Upon START, the process 1000 selects K for the number of restart sub-streams based on channel bandwidth and/or loss rate (Block 1010). Then, the process 1000 receives packets from the default stream and from the K restart sub-streams from the media content delivery server (Block 1020). The K restart sub-streams are sampled according to a sampling pattern. Next, the process 1000 determines if there is a restart condition (Block 1030). A restart condition is characterized by one attribute: a past packet or frame loss has been detected by the feedback generator. If not, the process 1000 goes to Block 1050. Otherwise, the process 1000 selects a received packet or frame in one of the K restart sub-streams. The selected packet is the packet nearest to the lost frame in the default stream which corresponds to the description stream having the packet or frame loss. The process 1000 uses that frame and substitutes it in the receive stream (Block 1040). Next, the process 1000 selects the default stream as the receiving stream to resume normal mode (Block 1050) and is then terminated.
There is a 3-layer encoding for an I frame and for a P frame. These three layers correspond to three different encoding rates R1, R2, and R3. The base layer is comparable to normally encoded frames. Enhancement layers add finer granularity to the frames. They can only be decoded if the preceding layers have been decoded, as depicted by the prediction arrows in the figure. Thus the base layer of an I frame may be decoded independently and will be the reference to decode the next enhancement layer. In the case of a P frame, the decoding of the base layer will rely on a previously decoded reference frame, and this base layer will also be the reference to decode the next enhancement layer. This kind of encoding is part of video standards such as H.263+ and other scalable codecs. When used in the multicast technique discussed above, each layer of the video data and of the restart data is sent to a different multicast group, offering full bitrate scalability. Thus the users would have two degrees of freedom: The video quality and the error recovery capability. In reality users could choose a different video quality for the MD stream and for the restart sub-stream. However, the effectiveness of the restart is increased when the quality of the two streams is equal. This would lead the viewers to always select an equal number of enhancement layers from both the MD and the restart sub-stream.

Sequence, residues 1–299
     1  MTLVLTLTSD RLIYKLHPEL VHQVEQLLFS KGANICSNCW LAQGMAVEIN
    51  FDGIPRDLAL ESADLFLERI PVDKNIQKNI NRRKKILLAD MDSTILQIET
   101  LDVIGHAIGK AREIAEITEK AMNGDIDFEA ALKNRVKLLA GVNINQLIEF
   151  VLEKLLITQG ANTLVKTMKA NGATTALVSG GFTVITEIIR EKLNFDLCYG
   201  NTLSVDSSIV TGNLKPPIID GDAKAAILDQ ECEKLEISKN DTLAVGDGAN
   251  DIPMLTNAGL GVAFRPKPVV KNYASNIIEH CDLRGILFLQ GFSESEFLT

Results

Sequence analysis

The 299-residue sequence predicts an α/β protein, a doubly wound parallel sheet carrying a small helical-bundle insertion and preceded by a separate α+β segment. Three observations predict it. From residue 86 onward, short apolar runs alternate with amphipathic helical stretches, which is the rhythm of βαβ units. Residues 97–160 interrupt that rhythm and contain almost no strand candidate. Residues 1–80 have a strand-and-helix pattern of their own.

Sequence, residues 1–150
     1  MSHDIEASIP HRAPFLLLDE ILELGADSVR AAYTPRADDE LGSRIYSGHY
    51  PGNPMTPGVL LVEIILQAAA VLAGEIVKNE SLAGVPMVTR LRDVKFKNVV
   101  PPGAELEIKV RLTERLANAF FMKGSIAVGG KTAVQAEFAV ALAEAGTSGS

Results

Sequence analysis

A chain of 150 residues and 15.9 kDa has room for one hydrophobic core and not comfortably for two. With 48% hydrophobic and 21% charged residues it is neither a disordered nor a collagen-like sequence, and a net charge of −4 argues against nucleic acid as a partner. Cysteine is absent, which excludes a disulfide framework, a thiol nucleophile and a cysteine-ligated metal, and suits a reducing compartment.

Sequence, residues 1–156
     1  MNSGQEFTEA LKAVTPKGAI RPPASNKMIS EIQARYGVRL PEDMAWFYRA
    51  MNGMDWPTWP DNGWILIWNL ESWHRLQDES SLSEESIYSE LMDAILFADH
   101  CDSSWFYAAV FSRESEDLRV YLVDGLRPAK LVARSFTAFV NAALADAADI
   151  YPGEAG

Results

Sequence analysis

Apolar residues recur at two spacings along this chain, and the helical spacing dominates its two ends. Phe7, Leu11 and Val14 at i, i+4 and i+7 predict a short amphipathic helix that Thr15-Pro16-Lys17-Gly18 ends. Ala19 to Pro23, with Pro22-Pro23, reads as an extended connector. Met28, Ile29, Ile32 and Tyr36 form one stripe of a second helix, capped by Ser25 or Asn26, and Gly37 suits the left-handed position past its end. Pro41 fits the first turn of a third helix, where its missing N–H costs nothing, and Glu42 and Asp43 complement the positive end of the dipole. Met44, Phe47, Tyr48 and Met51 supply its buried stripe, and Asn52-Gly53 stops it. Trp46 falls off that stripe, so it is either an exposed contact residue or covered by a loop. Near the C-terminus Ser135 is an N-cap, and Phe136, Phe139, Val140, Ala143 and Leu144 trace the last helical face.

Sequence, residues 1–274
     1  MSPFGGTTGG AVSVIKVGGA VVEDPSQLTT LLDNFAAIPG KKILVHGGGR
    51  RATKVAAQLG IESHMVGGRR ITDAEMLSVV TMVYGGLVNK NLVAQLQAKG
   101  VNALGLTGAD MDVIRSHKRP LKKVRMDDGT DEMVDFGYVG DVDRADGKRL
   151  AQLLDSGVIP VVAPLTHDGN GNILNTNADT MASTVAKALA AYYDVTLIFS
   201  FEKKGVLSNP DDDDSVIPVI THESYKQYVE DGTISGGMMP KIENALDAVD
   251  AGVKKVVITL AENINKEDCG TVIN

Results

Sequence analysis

The host processor 1210 represents a central processing unit of any type of architecture, such as embedded processors, mobile processors, micro-controllers, digital signal processors, superscalar computers, vector processors, single instruction multiple data (SIMD) computers, complex instruction set computers (CISC), reduced instruction set computers (RISC), very long instruction word (VLIW), or hybrid architecture.